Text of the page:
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Warren Buffet, world's second-richest man, says repealing estate tax is a 'terrible mistake'

The billionaire investor said without the estate tax, the rich will just get richer.
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Warren Buffet said repealing the estate tax could lead to dynasty building. Photo: Wikimedia Commons

Warren Buffet, the second-richest man in the world, is calling foul on President Donald Trump’s plan to do away with the estate tax on the wealthiest Americans.

The estate tax is levied on property as it passes ownership from a dead person onto their heirs on estates worth more than $5.5 million (double for couples) and Buffet said he thinks it would be a “terrible mistake” to get rid of it.

Buffet, the billionaire investor who heads Berkshire Hathaway, is worth about $75 billion and he spelled out how getting rid of the estate tax would affect wealthy Americans like him.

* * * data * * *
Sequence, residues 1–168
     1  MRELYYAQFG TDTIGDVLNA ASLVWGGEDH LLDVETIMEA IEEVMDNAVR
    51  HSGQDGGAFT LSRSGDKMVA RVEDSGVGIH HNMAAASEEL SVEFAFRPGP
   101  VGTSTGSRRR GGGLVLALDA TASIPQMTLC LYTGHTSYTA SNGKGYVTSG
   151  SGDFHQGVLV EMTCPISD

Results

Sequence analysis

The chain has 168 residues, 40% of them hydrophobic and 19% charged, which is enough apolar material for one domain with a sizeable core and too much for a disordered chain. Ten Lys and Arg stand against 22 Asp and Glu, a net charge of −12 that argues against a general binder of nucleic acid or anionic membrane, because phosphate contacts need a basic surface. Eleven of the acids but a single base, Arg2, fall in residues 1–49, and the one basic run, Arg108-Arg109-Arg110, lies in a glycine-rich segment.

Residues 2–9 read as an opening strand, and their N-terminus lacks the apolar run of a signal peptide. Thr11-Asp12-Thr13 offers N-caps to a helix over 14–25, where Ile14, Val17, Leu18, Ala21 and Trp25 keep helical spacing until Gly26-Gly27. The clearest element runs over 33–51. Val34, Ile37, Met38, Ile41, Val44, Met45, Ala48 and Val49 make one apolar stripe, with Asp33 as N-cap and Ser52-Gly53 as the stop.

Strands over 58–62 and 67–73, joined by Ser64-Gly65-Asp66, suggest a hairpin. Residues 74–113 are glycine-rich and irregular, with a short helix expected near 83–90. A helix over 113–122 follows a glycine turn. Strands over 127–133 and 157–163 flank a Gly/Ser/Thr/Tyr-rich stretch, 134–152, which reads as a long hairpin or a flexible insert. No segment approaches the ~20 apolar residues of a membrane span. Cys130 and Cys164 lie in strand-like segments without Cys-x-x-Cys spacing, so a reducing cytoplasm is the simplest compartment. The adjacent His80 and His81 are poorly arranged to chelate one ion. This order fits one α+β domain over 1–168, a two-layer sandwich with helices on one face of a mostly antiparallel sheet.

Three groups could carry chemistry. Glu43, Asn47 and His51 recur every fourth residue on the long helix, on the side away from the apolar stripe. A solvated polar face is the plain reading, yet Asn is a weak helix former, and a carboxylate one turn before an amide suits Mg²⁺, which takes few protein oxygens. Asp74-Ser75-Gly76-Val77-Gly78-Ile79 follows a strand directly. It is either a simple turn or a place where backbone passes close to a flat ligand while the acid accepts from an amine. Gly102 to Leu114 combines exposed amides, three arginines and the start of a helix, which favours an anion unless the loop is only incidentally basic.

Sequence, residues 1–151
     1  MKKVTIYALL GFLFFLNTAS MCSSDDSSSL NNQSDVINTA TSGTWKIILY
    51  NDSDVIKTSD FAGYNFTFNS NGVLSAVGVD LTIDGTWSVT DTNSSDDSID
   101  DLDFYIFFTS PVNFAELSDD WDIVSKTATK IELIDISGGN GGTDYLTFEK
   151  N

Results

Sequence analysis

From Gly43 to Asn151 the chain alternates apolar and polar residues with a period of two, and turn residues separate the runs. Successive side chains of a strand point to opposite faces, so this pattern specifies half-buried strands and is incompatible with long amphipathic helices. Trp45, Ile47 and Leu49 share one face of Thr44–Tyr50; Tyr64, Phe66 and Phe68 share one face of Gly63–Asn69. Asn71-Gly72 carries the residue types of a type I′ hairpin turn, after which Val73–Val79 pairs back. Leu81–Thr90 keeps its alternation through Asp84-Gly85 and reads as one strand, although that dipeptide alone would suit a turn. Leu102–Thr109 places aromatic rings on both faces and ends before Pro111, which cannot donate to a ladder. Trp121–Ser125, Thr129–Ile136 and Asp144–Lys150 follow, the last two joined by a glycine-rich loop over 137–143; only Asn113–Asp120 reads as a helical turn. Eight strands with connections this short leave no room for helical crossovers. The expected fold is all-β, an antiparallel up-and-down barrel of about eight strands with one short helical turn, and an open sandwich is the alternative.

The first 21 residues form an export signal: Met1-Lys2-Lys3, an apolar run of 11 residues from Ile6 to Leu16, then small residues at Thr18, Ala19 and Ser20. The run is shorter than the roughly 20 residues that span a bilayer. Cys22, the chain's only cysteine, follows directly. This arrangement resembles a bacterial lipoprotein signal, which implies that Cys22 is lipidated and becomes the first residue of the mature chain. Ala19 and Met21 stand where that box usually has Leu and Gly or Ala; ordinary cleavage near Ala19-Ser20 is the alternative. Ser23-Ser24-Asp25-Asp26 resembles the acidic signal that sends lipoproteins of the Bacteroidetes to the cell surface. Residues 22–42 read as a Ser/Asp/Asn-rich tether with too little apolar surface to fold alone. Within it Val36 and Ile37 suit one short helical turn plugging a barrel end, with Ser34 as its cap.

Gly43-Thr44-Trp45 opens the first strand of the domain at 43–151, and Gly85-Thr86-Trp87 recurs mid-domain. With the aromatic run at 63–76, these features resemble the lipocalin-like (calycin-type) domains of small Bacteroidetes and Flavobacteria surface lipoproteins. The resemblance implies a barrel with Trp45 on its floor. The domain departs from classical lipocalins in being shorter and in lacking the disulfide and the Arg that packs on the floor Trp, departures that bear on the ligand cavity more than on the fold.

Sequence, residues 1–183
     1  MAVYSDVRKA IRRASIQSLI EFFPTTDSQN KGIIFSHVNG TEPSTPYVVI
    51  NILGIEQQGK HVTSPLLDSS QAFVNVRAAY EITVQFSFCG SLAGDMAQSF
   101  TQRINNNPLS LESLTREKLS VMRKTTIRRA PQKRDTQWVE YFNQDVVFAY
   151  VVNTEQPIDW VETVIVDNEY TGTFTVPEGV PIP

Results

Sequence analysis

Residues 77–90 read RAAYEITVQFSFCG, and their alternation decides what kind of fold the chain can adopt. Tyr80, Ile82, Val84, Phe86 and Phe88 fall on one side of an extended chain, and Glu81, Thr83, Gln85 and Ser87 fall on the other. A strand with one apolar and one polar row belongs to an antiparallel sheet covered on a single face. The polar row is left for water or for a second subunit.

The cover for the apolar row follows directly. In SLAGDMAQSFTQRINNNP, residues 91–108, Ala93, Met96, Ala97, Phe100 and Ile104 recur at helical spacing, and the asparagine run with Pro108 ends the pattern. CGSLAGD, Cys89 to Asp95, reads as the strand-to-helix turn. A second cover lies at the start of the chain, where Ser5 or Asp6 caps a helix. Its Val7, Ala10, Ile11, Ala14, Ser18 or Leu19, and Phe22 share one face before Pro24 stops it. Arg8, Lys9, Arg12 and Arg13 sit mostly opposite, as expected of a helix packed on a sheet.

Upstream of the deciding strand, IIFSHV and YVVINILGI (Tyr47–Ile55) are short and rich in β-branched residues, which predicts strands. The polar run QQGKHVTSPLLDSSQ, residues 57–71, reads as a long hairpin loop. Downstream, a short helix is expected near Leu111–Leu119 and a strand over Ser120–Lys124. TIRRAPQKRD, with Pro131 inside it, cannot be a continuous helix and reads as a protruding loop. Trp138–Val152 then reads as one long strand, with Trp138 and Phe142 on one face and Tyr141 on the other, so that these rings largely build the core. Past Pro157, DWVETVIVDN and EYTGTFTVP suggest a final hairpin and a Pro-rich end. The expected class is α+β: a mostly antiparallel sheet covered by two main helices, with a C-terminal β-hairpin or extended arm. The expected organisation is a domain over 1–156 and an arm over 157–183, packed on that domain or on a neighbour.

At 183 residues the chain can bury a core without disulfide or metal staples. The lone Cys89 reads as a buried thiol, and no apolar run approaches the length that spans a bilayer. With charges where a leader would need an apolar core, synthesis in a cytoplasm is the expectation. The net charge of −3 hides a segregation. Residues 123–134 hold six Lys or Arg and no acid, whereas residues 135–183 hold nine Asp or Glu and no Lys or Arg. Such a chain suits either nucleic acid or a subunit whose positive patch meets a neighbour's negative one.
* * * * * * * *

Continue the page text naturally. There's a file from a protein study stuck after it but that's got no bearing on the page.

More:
"If they pass the bill they're talking about, I could leave $75 billion to a bunch of children and grandchildren and great-grandchildren. And if I left it to 35 of them, they'd each have a couple billion dollars," Buffett said.

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"Is that a great way to allocate resources in the United States?" he asked rhetorically.

Eliminating the so-called “death tax” could lead to dynasty building as the richest Americans continue to hold on to the majority of the wealth in the nation — the 20 wealthiest people in America now own more than half of the nation’s wealth, which Buffet said is a poor allocation of resources.

“I sure don’t think that’s good for a society where there’s a ton of inequality to start with,” he said on CNBC’s “Squawk Box.”

Buffet argued the estate tax doesn’t actually affect most Americans and serves a purpose to break up and redistribute wealth in the United States.

"It's not a death tax," Buffet said. "There are going to be 2.6 million people who die this year in the United States and there will be about 5,000 tax returns of estates that they tax.”

Getting rid of the 40 percent estate tax has been a hot button among Republicans for years and was included in Trump’s tax plan that was unveiled last week — a plan some claim was designed to pad the pockets of the rich. The reform measure also recommends cutting corporate taxes and simplifying the tax code.
 

 
 
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